I recently read Amy Poehler’s book, Yes Please, and it was every bit as funny, thoughtful, and delightful as I thought it would be. I love the way she describes her boys as being delicious, and how she preaches that childhood should be all about sweaty kids with skinned knees. But, as the Levo League recently reminded me, I especially love her particular brand of ComeBacks for Dealing with Rude People.
Rude people suck. If we let them, they can take the “good” out of a good day faster than bad traffic. Rude people are also bad for business. That isn’t because we are overly sensitive or thin skinned – it is an actual proven fact. In a study completed in 2012, rudeness from coworkers increased employees’ absenteeism and decreased their sales performance. Which makes sense, because rude people make us want to disengage… the opposite of staying engaged with our work.
In many cases, it is best to just shake off rudeness and move on with your day. But sometimes you cannot and should not keep your mouth shut. So when faced with a rude person who has crossed the line, Amy Poehler points it out to them. Here are three examples of how to do this, as highlighted by Levo League author Kathleen Harris:
Example 1: Call it what it is. When a producer told Poehler to relax after her routine was cut short, Poehler said, “This is the part where you apologize to me. You guys screwed up and this is where you make me feel better about it.” She added why: “I like to use this tactic on people. When someone is being rude, abusing their power, or not respecting you, just call them out in a really obvious way.”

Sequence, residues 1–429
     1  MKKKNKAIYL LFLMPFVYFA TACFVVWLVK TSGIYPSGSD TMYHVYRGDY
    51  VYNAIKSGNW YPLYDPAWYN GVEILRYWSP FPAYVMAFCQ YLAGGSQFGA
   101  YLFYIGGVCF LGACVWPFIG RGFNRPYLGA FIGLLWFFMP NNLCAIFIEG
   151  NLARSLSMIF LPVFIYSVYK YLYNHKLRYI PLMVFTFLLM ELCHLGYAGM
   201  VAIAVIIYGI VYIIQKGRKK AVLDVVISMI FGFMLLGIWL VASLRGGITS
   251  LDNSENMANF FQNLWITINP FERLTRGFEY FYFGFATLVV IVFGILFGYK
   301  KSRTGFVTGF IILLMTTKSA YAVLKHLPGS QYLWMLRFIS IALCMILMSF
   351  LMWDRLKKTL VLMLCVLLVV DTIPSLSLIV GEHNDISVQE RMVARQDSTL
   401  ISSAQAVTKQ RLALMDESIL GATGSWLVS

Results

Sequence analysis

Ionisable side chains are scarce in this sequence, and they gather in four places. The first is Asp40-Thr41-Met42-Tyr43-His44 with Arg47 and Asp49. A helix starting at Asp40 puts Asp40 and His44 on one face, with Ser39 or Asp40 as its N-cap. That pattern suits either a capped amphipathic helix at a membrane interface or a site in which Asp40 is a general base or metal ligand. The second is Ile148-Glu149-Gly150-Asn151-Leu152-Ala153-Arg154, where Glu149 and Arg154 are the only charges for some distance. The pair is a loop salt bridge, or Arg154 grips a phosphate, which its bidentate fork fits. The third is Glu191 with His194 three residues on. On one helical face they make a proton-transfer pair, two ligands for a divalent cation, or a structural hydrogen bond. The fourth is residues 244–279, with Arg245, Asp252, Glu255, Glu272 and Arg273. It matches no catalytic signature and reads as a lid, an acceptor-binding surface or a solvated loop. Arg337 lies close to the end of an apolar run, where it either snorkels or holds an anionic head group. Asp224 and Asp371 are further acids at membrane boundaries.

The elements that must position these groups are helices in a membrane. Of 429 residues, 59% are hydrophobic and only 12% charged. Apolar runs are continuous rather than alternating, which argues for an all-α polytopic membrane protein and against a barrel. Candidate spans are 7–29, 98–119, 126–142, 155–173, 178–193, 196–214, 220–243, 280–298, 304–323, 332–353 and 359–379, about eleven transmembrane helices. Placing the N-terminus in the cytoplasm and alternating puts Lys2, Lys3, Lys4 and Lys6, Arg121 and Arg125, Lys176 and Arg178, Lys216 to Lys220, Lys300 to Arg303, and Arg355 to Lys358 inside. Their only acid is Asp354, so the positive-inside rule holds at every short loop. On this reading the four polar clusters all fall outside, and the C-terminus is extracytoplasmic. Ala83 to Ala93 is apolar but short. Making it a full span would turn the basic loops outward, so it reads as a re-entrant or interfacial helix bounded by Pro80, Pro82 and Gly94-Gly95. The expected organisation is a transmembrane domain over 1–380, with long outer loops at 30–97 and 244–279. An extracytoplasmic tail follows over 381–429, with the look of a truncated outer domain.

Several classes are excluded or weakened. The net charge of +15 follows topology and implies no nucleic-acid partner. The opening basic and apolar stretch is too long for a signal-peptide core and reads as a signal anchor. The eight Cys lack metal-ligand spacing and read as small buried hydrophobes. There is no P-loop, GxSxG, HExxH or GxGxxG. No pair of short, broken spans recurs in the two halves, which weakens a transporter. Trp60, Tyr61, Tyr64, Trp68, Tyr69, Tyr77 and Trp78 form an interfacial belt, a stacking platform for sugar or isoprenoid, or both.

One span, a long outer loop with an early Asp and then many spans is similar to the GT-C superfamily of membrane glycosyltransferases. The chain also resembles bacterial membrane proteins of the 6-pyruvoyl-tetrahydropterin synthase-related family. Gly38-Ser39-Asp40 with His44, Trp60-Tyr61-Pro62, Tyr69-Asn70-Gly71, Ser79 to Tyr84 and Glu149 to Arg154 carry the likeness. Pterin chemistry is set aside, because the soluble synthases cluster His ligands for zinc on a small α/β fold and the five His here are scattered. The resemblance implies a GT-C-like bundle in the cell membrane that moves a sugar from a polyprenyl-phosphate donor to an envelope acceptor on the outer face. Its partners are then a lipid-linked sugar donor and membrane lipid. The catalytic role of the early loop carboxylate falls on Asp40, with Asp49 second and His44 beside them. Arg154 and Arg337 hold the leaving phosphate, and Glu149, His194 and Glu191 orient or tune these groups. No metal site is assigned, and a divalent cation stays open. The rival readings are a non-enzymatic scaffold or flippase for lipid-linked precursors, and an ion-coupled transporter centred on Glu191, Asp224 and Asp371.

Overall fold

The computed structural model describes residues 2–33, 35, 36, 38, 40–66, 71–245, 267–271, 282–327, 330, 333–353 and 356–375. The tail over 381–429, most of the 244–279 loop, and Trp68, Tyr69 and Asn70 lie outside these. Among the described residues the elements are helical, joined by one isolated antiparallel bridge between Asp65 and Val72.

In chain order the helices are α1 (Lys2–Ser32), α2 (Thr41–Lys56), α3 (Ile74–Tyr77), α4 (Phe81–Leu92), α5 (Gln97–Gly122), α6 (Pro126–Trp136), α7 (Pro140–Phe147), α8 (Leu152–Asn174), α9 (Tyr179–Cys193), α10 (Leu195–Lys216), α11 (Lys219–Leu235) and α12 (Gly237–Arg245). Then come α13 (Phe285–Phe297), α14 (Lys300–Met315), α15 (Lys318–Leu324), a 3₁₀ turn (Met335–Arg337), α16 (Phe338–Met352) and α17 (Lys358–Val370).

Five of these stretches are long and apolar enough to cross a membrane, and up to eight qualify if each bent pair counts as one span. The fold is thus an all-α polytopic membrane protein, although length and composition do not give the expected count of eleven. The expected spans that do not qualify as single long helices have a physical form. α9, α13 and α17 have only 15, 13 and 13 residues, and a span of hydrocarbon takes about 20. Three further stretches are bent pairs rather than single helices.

Example 2: Act genuinely shocked by the act of rudeness. In another instance, Poehler said, “I can’t understand why you are being rude because you are the concierge and this is the part of the evening where the concierge helps me.” She explained: “Act like they are an actor who has forgotten what part they are playing. It brings the attention back to them and gives you a minute to calm down so you don’t do something silly like burst into tears or break their stupid *** glasses.”
Example 3: Remind them, it’s them not you. “If you do start crying in an argument and someone asks why, you can always say ‘I’m just crying because of how wrong you are.’”
Are these examples office appropriate? Maybe not (I’d be curious to hear @AskAManager’s opinion). But they require you to use your spine. They do not require you to raise your voice. They also give you the opportunity to say how you are feeling in a situation that makes you uncomfortable, and they don’t let the other person off the hook for making you feel that way. So the next time someone is disrespectful or rude to you, maybe you need to point it out to them.